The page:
A woman in Saint Petersburg, Florida, has been charged with making false reports to law enforcement after her Fitbit — the wearable activity tracker that measures things like steps, sleep and calories — appeared to show inconsistencies in her claim that she had been sexually assaulted.
The 43-year-old, who was at her boss's home in Lancaster, Pennsylvania, at the time of the event she reported, told police "an unknown man pulled her out of bed, attacked her in a bathroom and raped her at knifepoint," ABC 27 News reported. However, her Fitbit, which she had said disappeared during the assault, was later found a few feet away from the bathroom.
Fitbits are traditionally used to track physical activity and wellness. They can also measure the number of hours the user has slept, as well as the quality of sleep.
According to the criminal complaint, the device showed the woman "had been awake and walking around the entire night, not sleeping as she had claimed," ABC 7 News reported. Police also said there were no footprints in the snow outside the house or any other signs of an intruder.
Along with the false reporting charge, ABC 7 News noted that the woman was charged with making false alarms to public safety and tampering with evidence.
False rape claims are less common than they seem. The Fitbit incident — the claims of which are still under investigation — is an easy target for inflammatory analysis. (The Daily Caller, for example, sarcastically headlined its piece about the incident, "If You're Going to Fake a Rape, Remember to Take Off Your Fitbit.")
But it's important to remember that false rape claims are rare. While they certainly exist, it's estimated that 2% to 8% of rape claims are later proven false, according to the National Sexual Violence Resource Center. That's about the same as the false reporting rate for other crimes, such as car theft or stalking.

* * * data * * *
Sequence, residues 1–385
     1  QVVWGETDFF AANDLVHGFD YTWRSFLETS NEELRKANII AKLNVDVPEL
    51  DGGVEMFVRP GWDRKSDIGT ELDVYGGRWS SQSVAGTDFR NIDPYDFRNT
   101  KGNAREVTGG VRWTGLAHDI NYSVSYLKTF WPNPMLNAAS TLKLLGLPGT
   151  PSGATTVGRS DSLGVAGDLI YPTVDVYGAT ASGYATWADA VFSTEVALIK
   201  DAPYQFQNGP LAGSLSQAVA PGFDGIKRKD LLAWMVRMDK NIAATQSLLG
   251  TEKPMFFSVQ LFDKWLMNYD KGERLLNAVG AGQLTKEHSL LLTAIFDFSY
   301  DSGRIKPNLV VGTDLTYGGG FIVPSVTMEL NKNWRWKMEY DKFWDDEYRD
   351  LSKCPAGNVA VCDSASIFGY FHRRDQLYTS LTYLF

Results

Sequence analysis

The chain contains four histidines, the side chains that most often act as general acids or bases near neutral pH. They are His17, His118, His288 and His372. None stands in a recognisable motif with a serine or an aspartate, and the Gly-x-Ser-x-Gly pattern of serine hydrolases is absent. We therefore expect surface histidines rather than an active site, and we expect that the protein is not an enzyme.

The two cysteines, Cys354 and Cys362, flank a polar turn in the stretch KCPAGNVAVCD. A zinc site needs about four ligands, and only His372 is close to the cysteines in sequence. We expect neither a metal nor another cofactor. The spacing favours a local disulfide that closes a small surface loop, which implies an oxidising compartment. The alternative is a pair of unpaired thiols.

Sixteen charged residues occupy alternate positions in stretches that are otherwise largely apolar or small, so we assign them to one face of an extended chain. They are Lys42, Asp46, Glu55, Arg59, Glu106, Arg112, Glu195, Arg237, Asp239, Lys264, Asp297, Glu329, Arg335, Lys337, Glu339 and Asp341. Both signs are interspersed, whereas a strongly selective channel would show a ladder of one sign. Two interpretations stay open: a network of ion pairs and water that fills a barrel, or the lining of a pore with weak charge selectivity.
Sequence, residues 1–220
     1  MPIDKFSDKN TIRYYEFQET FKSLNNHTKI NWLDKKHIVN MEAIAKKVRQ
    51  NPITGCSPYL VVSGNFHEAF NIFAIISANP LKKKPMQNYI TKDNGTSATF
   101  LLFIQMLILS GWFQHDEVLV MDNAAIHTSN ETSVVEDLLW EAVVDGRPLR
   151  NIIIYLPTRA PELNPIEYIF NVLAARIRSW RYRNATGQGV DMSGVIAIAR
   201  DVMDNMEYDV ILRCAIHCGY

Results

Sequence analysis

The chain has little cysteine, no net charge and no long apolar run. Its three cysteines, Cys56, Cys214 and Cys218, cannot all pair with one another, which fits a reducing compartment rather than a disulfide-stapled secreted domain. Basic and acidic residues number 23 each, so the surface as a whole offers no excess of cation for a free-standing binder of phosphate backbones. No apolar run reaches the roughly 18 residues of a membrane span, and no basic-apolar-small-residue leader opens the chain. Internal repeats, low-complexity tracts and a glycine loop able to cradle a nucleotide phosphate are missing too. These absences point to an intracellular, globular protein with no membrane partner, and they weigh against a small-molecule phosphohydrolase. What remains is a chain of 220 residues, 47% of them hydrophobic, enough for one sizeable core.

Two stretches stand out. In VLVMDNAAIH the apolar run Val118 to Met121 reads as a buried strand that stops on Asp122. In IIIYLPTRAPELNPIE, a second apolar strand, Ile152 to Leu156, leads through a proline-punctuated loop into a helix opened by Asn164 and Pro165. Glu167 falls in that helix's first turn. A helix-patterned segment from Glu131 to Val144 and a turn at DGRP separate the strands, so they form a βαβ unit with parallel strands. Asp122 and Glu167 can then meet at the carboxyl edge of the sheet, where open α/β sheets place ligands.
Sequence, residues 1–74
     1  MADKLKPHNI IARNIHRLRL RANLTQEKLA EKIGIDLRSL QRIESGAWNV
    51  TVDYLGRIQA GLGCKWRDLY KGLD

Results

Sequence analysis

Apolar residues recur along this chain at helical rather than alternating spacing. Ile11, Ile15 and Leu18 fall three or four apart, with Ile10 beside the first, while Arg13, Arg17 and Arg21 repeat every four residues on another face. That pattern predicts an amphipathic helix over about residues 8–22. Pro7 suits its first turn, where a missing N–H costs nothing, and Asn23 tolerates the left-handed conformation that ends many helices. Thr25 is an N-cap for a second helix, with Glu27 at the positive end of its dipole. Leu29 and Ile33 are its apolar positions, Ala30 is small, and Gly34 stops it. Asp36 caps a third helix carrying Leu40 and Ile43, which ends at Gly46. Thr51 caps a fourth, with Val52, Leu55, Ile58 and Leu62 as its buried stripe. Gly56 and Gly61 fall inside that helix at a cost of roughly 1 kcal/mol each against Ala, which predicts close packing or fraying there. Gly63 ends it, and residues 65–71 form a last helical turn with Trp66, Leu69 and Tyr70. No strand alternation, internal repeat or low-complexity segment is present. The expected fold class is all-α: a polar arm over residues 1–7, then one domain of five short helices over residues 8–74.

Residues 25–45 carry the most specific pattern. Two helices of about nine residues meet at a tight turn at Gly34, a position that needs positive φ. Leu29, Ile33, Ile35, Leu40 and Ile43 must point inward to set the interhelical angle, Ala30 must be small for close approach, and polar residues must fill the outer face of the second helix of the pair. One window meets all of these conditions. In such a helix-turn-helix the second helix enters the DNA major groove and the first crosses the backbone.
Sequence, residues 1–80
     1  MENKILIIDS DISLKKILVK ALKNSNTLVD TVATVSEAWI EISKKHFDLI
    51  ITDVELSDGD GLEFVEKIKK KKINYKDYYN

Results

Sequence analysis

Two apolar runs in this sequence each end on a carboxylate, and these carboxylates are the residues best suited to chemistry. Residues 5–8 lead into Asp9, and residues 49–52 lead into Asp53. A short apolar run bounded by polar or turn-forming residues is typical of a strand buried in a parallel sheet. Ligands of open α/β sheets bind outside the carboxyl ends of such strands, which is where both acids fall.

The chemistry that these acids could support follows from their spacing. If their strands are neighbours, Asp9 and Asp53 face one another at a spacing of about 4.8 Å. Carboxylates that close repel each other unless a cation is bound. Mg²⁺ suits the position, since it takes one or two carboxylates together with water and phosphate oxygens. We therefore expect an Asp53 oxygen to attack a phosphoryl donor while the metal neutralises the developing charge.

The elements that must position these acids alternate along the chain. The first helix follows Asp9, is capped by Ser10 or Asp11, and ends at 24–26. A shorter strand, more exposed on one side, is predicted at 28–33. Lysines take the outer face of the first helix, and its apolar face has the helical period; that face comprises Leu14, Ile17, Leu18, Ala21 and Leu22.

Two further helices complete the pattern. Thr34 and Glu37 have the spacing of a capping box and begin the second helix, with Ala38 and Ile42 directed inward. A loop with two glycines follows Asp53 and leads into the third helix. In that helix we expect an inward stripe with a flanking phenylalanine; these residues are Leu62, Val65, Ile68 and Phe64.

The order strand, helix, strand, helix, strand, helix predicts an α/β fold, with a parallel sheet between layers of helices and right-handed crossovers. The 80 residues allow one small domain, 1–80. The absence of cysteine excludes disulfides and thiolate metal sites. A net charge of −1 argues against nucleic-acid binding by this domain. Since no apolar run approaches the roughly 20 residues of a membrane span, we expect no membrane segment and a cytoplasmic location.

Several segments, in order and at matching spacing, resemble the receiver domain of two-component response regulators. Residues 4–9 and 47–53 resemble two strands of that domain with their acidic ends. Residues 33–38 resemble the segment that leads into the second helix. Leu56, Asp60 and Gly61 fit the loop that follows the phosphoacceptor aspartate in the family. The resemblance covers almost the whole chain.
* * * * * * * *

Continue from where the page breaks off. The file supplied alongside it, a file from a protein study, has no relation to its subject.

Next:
Conservatives, men's rights activists and other anti-feminist groups often harp on false rape allegations to criticize national campaigns against sexual assault. "Is there really a rape epidemic? Probably not," the National Review wrote in 2014. Rolling Stone's now-discredited cover story detailing an alleged gang rape at the University of Virginia added more fuel to the fire. When Columbia University student Emma Sulkowicz rose to national prominence with her anti-rape performance art piece, "Carry That Weight," she was maligned publicly by posters in New York City calling her a "pretty little liar."
It's not productive to ignore all instances of false rape claims, but it's equally harmful to cast a suspicious eye to all accusations just because of a small minority. We don't do that for other crimes, and rape should be no different. Like with the UVA case, even if one woman's story is questioned, it's important that we believe survivors of rape and sexual assault.